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Medchin None
11/13/17 5:33 p.m.

This, in theory, is going to be my way of trying to motivate myself to finally get around to finishing this project. I've been lurking around the GRM forums now for about a year following a couple of builds (Mazduece, SkinnyG, and maschinenbau's rice rod) and sort of gotten a feeling for the community. I feel this is a place where my methodology is most at home, not on the individual forums for my eclectic collection of projects.

So here goes:

In March of 2013 (Christ has it really almost been 5 years?!) I was a freshmen in college, like a moron I had just wrecked my first car, and was searching craigslist looking for a replacement (like a moron). It was on that ever dangerous search I found what would become the demise of my wallet and spare time for many months and years to come.

There she is as I first met her. I won't go into explicit details on EVERYTHING I've done in the past 4 years but I will give a quick run-down of the major milestones.

It's worth mentioning at this point that I'm not a mechanic. My father isn't a mechanic. Nor is my mother, or as far as I know any relative that I've actually met. I've got an uncle who always wears mechanics cover-alls, but I think that's just a fashion choice. My father had some tools and know-how, but mostly geared towards home-maintenance and minor wood-working. It is fair however to say he is above the average "Dad Handyman" and was still a tremendous help during the early stages of my learning during this project.  Everything I did on this project I learned how to do myself from videos or written guides online, including I'm sure a few from GRM. The SAAB Sonett III was not a great choice as a first project because in almost every way it is not normal, and every part is more or less bespoke and made of unobtainium. I'm not making excuses, I'm just trying to show others that embarking on insane projects like this while not necessarily wise, aren't impossible. Even with next to no expertise or tools.

First order of business was getting the car running. Of course it wasn't when I bought it. All it took was a battery, some carb tuning, and some starting spray to get it to cough over. I then had to have to clutch master cylinder rebuilt so I could get the car in gear (one of the only things I outsourced). After that and a bodged gas tank the car could drive around the back yard. Re-did the brake lines and wiring from scratch through the whole car, pulled out the interior to be cleaned or replaced, did some rust repair, and then decided to embark down the rabbit-hole of paint and body work.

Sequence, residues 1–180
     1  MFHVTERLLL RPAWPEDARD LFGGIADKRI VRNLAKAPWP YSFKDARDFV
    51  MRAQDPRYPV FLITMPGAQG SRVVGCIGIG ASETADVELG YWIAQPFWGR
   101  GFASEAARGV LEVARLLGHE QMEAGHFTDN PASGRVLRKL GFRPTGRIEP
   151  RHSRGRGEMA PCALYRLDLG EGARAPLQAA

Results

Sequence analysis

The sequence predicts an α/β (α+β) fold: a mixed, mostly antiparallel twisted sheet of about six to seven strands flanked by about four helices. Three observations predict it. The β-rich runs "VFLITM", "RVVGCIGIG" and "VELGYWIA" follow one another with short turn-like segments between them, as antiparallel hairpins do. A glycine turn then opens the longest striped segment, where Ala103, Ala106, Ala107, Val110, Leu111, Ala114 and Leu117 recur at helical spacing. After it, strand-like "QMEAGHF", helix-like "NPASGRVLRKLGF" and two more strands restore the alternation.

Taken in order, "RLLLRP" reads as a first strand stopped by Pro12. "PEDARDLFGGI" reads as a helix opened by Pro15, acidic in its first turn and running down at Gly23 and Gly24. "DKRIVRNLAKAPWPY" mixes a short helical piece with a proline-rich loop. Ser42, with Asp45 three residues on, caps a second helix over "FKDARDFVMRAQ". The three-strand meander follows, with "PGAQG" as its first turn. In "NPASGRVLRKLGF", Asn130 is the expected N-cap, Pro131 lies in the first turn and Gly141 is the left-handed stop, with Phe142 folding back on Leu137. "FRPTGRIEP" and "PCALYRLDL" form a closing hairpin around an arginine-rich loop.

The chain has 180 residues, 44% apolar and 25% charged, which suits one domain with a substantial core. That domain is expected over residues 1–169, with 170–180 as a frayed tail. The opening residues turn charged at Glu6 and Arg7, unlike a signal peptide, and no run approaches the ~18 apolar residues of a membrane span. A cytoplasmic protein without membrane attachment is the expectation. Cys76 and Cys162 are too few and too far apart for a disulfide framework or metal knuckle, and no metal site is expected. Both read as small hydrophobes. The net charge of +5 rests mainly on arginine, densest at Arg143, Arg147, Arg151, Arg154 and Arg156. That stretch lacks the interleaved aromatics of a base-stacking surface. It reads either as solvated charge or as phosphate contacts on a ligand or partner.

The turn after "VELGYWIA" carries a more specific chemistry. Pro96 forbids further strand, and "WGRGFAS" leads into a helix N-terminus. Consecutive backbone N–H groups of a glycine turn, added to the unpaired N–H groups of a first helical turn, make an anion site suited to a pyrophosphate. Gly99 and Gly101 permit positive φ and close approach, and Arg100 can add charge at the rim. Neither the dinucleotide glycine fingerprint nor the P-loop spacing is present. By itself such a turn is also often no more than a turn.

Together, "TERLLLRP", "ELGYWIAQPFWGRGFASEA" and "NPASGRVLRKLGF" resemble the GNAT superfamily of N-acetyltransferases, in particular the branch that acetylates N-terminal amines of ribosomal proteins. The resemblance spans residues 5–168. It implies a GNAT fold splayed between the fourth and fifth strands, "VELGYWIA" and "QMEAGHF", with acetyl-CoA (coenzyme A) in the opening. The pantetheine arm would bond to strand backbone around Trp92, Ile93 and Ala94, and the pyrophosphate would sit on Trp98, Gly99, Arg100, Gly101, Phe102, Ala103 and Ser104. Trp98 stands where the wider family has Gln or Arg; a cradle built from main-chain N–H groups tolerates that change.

Normally it would be at this point the doors fall off the project, as soon as there is the expectation of something looking "nice" just getting it done will no longer suffice. However in my case that some how didn't happen. I did all the paint and body myself, with no formal training beyond YouTube. I think it came out pretty well and is one of my proudest accomplishments on this project.

I got the rear/main body back on without too much damage to the paint (there was a little, I still need to fix that) and it was at this point the wheels fell off.

Before putting the front body back on I felt it pertinent to test drive the car around the parking lot to make sure everything was in working mechanical order.

It was not.

First problem was after a blast around the parking lot the car wouldn't drop into gear. Then the next day out of gear there was a horrid knocking noise coming from the engine that wasn't there the previous day. Then next weekend when I had time to work again the gas tank had rusted into a colander. This wave of bad news, coupled with increased time commitments from work and school the project fell by the wayside as the car was shuffled from storage unit, to friends garage, to now the small garage I rent at my apartment.

I've finally got some time on weekends and after work to get things done in the garage. The past few months of working around but never on the SAAB has started to drive me insane. So this is going to be my accountability check-off to finally get back to finishing the car. Maybe if others are at the very least asking whats going on with the car I'll guilt myself back into working on it.

In retrospect I think I've traced the knocking noise to (hopefully) not the engine itself. The V4 Ford Taunus, like many ford engines, has torque-to-spec flywheel bolts. Well when I had the engine out I took the flywheel off and like a moron re-used the bolts. So I suspect (read: really hope) that the only problem is the flywheel working its way off the back of the engine. I've got new bolts, a new pressure plate, and carrier bearing, and am out of excuses to not pull the motor and confirm my suspicions. Or cry when it's something else.

If you want a chronological, more in-depth, write-up of all the stuff I've done to the car since I bought it I did make a blogspot to chronicle the process. Here: http://saabsonett3.blogspot.com/